The bankruptcy automatic stay is one of the first protections offered to those who file for bankruptcy. The automatic stay takes effect as soon as the initial paperwork in a bankruptcy case has been filed. It is automatic which means that no other documents have to filed or orders obtained. The notice of the bankruptcy filing is all that needs to be provided to creditors.
What Does the Automatic Stay Stop?
Generally speaking, the automatic stay stops foreclosures, repossessions, lawsuits, wage garnishments, and tax levies. It does not stop criminal proceedings or legal actions against you for support (such as child support).
It applies in all chapters of bankruptcy; Chapter 7, Chapter 11, and Chapter 13.
The filing of a bankruptcy petition triggers an “automatic stay” that brings to a halt any type of creditor action. That means that collection companies can no longer contact you, pending lawsuits are stayed, and pending bank levies are stayed. The idea is that the stay gives you a chance to get a discharge in a chapter 7 case or to get a plan confirmed in a chapter 13 case. If your car was repossessed the car company has to return the car. If your bank account was levied, the amounts taken will likely be turned over if the bankruptcy is timely filed. In foreclosure situations, the foreclosure sale will be taken off calendar. For tax levies, the taxing authority will suspend the levy. The effect of the stay is immediate. The bankruptcy can be filed hours before a foreclosure sale or hours before a trial. Notice just has to be given to the opposing party.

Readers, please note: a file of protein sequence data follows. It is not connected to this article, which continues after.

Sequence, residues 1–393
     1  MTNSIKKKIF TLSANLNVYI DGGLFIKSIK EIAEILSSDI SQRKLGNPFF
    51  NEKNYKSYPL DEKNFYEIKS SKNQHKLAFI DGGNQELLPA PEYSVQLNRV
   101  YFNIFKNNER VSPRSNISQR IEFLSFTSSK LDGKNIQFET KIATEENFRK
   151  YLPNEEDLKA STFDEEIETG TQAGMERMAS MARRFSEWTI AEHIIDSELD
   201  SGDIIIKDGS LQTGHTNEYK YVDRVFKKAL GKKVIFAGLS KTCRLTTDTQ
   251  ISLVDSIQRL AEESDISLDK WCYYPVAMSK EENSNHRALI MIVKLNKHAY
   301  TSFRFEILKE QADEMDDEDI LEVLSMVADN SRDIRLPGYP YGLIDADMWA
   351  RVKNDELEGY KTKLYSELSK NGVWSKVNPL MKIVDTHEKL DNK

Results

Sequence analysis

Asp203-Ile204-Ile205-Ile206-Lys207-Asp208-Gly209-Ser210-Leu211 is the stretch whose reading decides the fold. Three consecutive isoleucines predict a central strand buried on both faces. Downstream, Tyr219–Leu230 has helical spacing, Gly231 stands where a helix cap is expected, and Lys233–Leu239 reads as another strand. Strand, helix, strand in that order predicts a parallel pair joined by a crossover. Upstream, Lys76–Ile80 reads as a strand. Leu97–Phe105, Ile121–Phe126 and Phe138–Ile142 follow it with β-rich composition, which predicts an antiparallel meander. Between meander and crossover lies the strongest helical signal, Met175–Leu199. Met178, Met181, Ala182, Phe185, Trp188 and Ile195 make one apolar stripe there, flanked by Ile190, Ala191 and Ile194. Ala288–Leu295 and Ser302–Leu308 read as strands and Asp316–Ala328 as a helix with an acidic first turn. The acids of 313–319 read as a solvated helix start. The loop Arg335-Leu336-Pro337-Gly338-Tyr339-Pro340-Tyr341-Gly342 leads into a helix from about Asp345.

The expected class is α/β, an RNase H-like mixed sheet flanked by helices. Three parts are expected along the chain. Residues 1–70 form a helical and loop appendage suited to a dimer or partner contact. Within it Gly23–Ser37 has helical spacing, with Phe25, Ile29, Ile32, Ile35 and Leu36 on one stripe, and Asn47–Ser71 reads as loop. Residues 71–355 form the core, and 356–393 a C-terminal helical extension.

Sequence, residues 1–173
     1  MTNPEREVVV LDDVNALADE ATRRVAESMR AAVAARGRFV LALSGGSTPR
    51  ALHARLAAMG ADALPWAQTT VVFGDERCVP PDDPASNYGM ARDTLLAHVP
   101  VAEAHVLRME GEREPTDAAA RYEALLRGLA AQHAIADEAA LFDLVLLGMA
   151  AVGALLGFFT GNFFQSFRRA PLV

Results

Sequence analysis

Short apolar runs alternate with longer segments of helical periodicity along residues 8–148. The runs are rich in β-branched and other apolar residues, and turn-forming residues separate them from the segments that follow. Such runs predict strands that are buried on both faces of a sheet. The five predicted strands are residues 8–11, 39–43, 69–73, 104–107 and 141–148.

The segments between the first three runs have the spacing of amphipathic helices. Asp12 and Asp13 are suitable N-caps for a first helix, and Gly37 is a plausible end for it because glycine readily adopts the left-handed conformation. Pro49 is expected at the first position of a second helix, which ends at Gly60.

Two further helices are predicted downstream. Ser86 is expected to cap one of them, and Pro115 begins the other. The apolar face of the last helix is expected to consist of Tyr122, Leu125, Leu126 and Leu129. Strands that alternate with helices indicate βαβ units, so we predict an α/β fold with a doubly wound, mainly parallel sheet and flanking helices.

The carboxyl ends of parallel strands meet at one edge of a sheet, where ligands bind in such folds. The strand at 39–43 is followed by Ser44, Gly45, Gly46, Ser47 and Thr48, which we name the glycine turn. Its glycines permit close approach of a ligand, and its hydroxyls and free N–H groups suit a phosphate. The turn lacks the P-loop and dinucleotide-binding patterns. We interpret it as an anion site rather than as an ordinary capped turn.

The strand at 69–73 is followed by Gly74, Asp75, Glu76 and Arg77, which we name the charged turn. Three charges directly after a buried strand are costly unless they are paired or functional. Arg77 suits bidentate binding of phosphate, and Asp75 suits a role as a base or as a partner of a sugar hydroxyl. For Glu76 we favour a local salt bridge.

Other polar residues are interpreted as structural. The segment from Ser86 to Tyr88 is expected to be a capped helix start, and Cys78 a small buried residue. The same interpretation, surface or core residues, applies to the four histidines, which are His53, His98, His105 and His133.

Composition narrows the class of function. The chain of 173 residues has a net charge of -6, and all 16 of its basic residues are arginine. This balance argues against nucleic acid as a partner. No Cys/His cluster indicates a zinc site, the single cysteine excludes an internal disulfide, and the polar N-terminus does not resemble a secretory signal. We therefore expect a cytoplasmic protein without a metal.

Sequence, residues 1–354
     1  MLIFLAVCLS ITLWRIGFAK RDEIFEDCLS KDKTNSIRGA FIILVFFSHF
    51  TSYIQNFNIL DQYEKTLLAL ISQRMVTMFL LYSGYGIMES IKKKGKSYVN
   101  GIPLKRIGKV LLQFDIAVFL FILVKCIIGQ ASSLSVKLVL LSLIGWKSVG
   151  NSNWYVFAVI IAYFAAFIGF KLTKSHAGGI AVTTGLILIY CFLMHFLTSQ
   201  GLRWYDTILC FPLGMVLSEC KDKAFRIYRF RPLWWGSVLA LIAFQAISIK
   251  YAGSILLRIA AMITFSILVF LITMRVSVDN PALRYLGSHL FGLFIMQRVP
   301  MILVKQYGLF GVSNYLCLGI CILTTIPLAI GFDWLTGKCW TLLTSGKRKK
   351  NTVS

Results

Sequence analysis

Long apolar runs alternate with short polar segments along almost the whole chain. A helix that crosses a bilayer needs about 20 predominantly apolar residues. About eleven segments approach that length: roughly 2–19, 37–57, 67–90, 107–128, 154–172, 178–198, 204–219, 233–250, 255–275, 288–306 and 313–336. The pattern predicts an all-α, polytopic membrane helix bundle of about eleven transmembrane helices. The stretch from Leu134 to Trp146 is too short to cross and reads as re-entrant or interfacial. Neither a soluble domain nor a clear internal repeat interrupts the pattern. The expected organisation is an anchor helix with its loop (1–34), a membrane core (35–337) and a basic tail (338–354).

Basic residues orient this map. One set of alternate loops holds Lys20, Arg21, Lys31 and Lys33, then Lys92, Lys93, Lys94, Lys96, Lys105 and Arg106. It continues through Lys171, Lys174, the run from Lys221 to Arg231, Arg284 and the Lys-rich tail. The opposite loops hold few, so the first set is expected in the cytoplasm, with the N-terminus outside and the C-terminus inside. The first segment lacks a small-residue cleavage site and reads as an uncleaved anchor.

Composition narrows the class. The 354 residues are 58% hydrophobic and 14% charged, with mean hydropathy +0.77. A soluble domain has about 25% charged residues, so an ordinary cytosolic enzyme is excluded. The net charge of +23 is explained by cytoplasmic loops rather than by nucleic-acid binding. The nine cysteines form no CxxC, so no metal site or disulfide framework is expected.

Under bankruptcy law, an automatic stay is an automatic injunction that halts actions by creditors, with certain exceptions, to collect debts from a debtor who has declared bankruptcy. Under section 362 of the United States Bankruptcy Code, the stay begins at the moment the bankruptcy petition is filed.
The stay is in existence until the debtor gets a discharge or the case is closed. The purpose of the automatic stay is to allow people to reorganize their debts and get a discharge.
The bankruptcy code however, provides a mechanism for relief for a secured creditor who is not receiving payments on their collateral. For instance, if you are a homeowner and you intend to keep your residence you have to continue making your mortgage payments. If you do not, the mortgage company will have grounds to ask the court to grant “relief from stay” to allow them to foreclose on their collateral. That means that if the court grants relief from say, the mortgage company could start or continue the foreclosure process. In many instances, a good bankruptcy attorney like David A. Arietta, can negotiate a settlement whereby the debtor starts making their mortgage payments again and pays an additional monthly payment to catch up on the post-petition arrears. In other instances secured creditors will seek relief from stay to repossess vehicles, especially in the situations where the debtor decided to surrender the vehicle. The vehicle may have been not worth keeping and the car value was less than the outstanding loan balance.
Each situation is unique. For a personalized review of your situation, call David A. Arietta at (925) 472-8000.